They are basically equivalent. This would be a valid implementation of `lower_bound`

:

```
template <typename ForwardIterator, typename T>
ForwardIterator lower_bound(ForwardIterator first, ForwardIterator last,
T const& value)
{
return partition_point(first, last, [&](auto&& elem) {
return elem < value;
});
}
template <typename ForwardIterator, typename T, typename Compare>
ForwardIterator lower_bound(ForwardIterator first, ForwardIterator last,
T const& value, Compare comp)
{
return partition_point(first, last, [&](auto&& elem) {
return comp(elem, value);
});
}
```

The two algorithms rely upon finding the partition point of a partitioned range, they just take different arguments with which to search (a unary predicate for `partition_point`

, vs a value or value and binary predicate for `lower_bound`

).

We just typically think of `lower_bound`

in the context of sorted range with a binary predicate - even though a fully sorted range with respect to such a predicate is not a requirement for that algorithm.

While we're at it, `upper_bound`

can also be implemented in terms of `partition_point`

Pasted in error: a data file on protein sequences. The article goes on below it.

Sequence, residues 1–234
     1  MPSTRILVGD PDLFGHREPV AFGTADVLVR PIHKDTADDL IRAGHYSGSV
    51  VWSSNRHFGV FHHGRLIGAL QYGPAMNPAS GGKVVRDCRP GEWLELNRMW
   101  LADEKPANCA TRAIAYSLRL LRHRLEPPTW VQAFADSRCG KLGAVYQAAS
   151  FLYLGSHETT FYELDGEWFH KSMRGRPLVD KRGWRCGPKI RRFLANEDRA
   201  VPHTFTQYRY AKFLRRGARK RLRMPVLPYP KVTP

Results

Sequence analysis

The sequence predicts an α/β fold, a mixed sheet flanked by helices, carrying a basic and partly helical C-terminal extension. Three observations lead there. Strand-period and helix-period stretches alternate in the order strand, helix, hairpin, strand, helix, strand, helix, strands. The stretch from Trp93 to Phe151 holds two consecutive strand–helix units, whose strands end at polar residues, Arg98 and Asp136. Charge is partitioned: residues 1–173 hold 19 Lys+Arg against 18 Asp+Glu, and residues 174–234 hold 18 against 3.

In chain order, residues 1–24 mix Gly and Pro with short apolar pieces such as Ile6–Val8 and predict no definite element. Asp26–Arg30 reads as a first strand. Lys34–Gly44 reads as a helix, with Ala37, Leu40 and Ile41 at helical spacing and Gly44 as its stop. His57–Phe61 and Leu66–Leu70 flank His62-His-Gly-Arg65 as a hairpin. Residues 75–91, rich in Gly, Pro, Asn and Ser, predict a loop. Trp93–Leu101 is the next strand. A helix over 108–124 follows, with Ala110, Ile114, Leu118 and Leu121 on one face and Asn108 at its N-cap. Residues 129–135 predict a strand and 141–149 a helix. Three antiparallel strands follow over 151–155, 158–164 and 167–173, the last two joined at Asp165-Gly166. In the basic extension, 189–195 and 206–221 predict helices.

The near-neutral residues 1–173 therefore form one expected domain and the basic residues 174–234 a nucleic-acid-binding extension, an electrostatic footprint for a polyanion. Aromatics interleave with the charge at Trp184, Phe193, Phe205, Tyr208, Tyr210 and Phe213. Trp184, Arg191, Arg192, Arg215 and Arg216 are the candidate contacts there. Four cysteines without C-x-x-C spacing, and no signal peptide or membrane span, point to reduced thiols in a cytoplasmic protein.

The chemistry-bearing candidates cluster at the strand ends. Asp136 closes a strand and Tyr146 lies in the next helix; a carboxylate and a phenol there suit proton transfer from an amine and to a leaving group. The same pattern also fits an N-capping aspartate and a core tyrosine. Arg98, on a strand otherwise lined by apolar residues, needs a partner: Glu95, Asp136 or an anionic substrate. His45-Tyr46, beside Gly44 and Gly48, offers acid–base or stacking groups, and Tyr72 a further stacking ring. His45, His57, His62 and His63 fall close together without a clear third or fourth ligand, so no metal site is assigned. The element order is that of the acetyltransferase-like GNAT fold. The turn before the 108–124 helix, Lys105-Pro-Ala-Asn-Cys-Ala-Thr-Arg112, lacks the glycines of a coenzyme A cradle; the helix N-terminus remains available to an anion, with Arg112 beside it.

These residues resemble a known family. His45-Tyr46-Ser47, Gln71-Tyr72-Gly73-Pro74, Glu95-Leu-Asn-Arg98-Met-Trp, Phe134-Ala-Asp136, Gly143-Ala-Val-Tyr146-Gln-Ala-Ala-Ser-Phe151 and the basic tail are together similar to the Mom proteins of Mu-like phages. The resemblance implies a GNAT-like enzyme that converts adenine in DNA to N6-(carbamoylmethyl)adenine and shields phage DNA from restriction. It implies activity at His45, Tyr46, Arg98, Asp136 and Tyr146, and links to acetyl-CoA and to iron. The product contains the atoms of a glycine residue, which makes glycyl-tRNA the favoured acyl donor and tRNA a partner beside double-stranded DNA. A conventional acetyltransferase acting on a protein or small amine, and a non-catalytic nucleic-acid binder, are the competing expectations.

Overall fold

, just with the operands flipped and the predicate negated:

```
template <typename ForwardIterator, typename T>
ForwardIterator upper_bound(ForwardIterator first, ForwardIterator last,
T const& value)
{
return partition_point(first, last, [&](auto&& elem) {
return !(value < elem);
});
}
template <typename ForwardIterator, typename T, typename Compare>
ForwardIterator upper_bound(ForwardIterator first, ForwardIterator last,
T const& value, Compare comp)
{
return partition_point(first, last, [&](auto&& elem) {
return !comp(value, elem);
});
}
```

It's weird how differently the two are worded.

`lower_bound`

returns (the `upper_bound`

wording is similar):

The furthermost iterator `i`

in the range `[first, last]`

such that for every iterator `j`

in the range `[first, i)`

the following corresponding conditions hold: `*j < value`

or `comp(*j, value) != false`

.

while `partition_point`

returns

An iterator `mid`

such that `all_of(first, mid, pred)`

and `none_of(mid, last, pred)`

are both `true`

.

Those phrases are equivalent since the requirement is that the range is partitioned. But it sure doesn't seem that way at first glance.

`std::partition_point`

reference and this`std::lower_bound`

reference? There are some (subtle I'll admit) differences in regards to the predicate. – Some programmer dude Jun 26 '18 at 19:31`std::partition_point`

doesn't require the range to be ordered, while`std::lower_bound`

does. – Some programmer dude Jun 26 '18 at 19:42